Why it’s important
Lung cancer is a devastating disease and remains the number one cause of cancer death for both men and women in the United States. There is a strong possibility that lung cancer will affect you or someone close to you. Until recently, there have been few treatment advances to improve survival from lung cancer. However, improvements in preventative measures such as smoking cessation and avoiding exposures such as radon have made an impact. Recently, screening for those at risk of lung cancer has shown great promise.
Life changing results…ignored
Results from the National Lung Screening Trial showed that screening of those at risk** (given below) of lung cancer improved survival by up to 20% in patients diagnosed with the disease. Despite this overwhelming benefit of lung cancer screening, rates remain staggeringly low. For example, research presented at the 2018 American Society of Clinical Oncology meeting revealed that in 2016 only 1.9% of a 7.6 million eligible populations was screened in the US.
Lung cancer screening involves simply a low-dose CT scan of the chest. For those that meet criteria, screening should be approved by most insurances as the Affordable Care Act requires that Medicare and private insurers provide coverage. Further support for screening is given by it’s cost-effectiveness: Research from the Lung Cancer Alliance shows the cost per life-year saved is better than screening for breast, cervical and colorectal cancers.
Symptoms of lung cancer are not specific and as such lung cancer often progresses to advanced stages before symptoms obvious enough to seek medical attention. Screening detects the cancer at an early stage where cure is most likely. Also, advanced lung cancer require a combination of different treatments which has greater side effects. Early stage lung cancers can be treated with stereotactic body radiation therapy (SBRT) which has minimal/no side effects and is given over 3-5 outpatient treatments.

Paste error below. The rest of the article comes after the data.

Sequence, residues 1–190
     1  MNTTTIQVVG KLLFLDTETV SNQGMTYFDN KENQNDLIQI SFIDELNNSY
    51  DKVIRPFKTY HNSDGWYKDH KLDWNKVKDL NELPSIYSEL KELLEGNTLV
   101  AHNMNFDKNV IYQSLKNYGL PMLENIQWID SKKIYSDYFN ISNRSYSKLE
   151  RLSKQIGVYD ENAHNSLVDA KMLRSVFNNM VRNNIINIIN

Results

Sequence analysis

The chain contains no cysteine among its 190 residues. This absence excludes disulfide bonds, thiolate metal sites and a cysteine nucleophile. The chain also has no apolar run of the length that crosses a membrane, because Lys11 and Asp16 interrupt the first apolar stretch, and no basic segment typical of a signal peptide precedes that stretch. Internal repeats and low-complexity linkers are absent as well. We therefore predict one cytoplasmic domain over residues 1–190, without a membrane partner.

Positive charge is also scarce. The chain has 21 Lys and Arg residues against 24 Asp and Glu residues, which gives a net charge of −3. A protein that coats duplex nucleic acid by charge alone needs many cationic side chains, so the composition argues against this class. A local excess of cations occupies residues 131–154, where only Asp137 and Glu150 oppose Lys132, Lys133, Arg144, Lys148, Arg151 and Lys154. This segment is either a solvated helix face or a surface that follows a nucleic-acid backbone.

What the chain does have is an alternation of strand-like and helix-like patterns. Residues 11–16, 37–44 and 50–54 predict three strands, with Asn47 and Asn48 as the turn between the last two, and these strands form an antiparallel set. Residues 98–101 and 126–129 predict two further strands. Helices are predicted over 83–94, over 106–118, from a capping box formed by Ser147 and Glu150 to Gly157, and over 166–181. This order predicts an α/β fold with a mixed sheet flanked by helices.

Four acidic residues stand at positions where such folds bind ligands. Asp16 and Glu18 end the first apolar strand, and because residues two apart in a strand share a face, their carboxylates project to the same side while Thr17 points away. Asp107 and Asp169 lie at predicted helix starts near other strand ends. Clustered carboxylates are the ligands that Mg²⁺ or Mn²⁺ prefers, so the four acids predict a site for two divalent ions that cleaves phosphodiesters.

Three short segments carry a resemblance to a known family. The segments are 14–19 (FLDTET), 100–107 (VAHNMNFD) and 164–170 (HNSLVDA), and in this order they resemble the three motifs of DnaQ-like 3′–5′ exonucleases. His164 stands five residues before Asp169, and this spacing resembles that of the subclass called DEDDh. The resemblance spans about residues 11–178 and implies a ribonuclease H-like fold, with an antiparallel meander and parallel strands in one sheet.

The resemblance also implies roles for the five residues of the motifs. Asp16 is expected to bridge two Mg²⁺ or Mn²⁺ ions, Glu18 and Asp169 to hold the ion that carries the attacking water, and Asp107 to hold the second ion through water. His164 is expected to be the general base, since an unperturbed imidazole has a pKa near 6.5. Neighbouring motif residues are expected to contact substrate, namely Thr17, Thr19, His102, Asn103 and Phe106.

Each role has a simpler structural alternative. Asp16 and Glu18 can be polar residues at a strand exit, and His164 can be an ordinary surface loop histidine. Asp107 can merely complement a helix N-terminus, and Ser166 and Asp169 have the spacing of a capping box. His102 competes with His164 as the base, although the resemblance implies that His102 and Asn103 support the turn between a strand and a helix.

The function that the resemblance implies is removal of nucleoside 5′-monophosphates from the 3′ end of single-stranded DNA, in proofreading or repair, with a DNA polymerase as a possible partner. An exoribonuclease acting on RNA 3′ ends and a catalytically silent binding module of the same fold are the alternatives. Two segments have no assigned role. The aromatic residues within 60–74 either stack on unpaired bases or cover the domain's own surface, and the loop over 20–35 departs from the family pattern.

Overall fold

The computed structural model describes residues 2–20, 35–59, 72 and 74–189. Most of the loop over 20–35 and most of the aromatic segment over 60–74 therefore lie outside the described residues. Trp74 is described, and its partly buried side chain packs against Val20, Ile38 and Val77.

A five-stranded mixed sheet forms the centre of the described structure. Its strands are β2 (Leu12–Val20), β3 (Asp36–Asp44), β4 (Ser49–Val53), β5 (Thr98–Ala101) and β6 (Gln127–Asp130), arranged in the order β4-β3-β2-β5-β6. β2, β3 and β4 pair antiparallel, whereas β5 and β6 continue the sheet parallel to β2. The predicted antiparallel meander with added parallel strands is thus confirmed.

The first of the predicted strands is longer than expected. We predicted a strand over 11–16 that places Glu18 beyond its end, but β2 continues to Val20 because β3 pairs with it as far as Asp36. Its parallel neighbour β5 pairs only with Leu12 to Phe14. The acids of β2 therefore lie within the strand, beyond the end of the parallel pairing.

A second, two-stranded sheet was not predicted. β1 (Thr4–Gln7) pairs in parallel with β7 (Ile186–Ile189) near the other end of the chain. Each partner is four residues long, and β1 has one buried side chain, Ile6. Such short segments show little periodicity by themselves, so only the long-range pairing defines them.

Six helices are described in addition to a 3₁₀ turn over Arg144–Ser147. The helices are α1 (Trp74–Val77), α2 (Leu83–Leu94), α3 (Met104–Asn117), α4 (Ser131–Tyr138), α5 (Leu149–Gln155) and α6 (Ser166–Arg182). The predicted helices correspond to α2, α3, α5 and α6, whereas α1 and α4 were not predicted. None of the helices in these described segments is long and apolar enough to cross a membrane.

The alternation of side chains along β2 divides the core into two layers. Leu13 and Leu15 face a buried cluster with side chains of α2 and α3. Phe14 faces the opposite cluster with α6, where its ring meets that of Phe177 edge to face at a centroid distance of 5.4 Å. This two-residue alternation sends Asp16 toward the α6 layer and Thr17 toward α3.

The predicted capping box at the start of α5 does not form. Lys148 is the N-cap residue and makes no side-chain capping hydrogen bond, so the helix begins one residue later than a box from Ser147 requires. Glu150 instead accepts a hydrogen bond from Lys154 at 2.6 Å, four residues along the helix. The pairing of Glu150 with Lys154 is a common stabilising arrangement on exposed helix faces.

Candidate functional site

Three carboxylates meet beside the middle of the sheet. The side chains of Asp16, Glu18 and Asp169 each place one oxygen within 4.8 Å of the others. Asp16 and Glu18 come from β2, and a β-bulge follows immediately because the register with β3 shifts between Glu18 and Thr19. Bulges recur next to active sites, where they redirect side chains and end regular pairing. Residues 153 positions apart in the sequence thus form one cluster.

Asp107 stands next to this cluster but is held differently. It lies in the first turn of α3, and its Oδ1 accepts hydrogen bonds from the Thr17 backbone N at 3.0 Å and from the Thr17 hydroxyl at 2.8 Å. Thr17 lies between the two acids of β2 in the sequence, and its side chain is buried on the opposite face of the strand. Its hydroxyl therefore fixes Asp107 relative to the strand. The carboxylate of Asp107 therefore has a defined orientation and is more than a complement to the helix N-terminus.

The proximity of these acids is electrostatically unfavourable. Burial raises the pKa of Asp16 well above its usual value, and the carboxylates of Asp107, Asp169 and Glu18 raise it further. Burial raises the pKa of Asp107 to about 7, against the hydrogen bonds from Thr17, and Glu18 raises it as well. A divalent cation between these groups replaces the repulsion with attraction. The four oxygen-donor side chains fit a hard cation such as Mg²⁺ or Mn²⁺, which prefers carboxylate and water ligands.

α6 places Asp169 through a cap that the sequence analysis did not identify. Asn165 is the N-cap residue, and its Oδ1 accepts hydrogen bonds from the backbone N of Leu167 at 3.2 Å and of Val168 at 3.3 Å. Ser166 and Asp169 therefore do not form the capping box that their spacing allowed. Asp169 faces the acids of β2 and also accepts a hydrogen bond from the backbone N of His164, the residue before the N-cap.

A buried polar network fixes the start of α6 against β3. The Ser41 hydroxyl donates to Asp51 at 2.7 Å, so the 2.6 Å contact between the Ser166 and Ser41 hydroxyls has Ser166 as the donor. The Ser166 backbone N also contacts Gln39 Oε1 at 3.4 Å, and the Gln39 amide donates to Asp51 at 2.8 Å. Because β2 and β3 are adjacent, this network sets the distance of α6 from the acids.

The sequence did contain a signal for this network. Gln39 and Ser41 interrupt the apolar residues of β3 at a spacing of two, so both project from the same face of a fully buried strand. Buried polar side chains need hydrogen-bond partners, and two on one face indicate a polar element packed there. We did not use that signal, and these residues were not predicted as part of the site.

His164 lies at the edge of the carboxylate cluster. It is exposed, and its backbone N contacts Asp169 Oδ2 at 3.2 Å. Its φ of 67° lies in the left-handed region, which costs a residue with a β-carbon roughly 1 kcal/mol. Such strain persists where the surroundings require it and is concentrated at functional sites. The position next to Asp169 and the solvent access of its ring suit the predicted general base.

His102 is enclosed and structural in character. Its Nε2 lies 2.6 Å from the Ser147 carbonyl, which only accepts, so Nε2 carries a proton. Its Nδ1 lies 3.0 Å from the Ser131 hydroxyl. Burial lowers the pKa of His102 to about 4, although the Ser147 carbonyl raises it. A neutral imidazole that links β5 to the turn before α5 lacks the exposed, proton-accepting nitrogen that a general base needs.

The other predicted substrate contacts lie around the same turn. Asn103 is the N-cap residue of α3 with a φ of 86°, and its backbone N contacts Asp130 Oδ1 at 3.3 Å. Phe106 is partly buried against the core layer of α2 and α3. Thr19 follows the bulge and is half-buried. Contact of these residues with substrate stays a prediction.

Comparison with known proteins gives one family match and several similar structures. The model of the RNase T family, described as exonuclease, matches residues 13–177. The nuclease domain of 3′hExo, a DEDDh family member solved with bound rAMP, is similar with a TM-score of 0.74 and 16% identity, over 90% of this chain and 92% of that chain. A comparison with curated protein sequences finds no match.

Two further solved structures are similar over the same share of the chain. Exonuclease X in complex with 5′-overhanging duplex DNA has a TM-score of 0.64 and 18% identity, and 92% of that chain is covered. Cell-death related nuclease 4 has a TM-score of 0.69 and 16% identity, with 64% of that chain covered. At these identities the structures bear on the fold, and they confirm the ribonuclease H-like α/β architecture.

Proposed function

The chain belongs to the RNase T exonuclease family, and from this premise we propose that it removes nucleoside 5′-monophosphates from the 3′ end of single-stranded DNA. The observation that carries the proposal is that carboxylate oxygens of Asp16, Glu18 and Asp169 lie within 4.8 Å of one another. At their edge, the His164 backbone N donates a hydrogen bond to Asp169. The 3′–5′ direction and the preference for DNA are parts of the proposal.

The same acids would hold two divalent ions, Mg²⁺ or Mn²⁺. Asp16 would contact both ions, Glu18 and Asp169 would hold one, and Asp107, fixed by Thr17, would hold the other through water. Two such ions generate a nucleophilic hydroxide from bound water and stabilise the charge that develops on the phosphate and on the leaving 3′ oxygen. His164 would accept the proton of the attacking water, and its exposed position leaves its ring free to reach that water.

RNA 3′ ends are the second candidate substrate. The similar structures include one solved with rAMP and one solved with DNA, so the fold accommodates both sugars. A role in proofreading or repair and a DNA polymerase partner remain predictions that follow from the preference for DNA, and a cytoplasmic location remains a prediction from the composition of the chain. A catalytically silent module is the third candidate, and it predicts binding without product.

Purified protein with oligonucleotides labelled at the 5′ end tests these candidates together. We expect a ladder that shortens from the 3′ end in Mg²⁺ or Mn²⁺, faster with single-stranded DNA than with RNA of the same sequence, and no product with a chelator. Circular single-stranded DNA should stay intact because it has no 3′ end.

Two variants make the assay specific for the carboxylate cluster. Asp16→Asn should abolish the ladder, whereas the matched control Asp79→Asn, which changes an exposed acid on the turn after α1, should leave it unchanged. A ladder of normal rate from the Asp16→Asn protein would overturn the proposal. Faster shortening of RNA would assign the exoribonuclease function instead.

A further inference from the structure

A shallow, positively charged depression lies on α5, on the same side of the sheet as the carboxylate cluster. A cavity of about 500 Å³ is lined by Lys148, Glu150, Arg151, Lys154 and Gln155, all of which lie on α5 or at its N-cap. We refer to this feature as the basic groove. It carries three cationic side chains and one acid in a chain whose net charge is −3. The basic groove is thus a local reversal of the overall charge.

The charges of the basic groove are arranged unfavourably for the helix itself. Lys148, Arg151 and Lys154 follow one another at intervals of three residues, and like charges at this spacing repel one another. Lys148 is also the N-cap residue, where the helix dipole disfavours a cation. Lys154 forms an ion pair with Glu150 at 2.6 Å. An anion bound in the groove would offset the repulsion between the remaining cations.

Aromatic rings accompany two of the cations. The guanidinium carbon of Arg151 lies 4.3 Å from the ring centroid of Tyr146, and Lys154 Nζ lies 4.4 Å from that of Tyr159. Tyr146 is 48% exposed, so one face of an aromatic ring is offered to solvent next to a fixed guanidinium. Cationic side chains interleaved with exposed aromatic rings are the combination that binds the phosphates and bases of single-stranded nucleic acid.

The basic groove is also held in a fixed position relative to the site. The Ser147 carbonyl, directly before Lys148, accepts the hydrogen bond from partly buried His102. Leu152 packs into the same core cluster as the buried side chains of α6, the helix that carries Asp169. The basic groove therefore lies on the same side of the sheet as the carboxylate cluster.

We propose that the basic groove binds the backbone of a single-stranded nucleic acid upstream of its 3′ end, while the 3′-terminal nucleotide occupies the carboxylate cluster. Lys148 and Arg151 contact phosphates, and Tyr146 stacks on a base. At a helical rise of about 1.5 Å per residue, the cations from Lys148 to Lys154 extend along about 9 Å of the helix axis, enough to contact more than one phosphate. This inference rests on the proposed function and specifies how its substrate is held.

How you can help!
Routine screening has not yet been incorporated into many practices and hospital programs for a variety of reasons. But you can do your part to help! Get the word out about lung cancer screening. Do whatever you can by encouraging current and former smokers to get screened. Share this article. Help your community and raise awareness for smoking prevention and screening. You may just save someone’s life.
**Yearly screening is recommended for those that meet the following criteria:
- Have a history of smoking 30 pack years* or more and
- Smoke now or have quit within the past 15 years and
- Are between 55 and 80 years old.
*A pack year is smoking an average of one pack of cigarettes per day for one year. (It is important to note that this method averages such that a two pack per day smoker meets criteria after only 15 years. If you meet these criteria contact your doctor about screening.)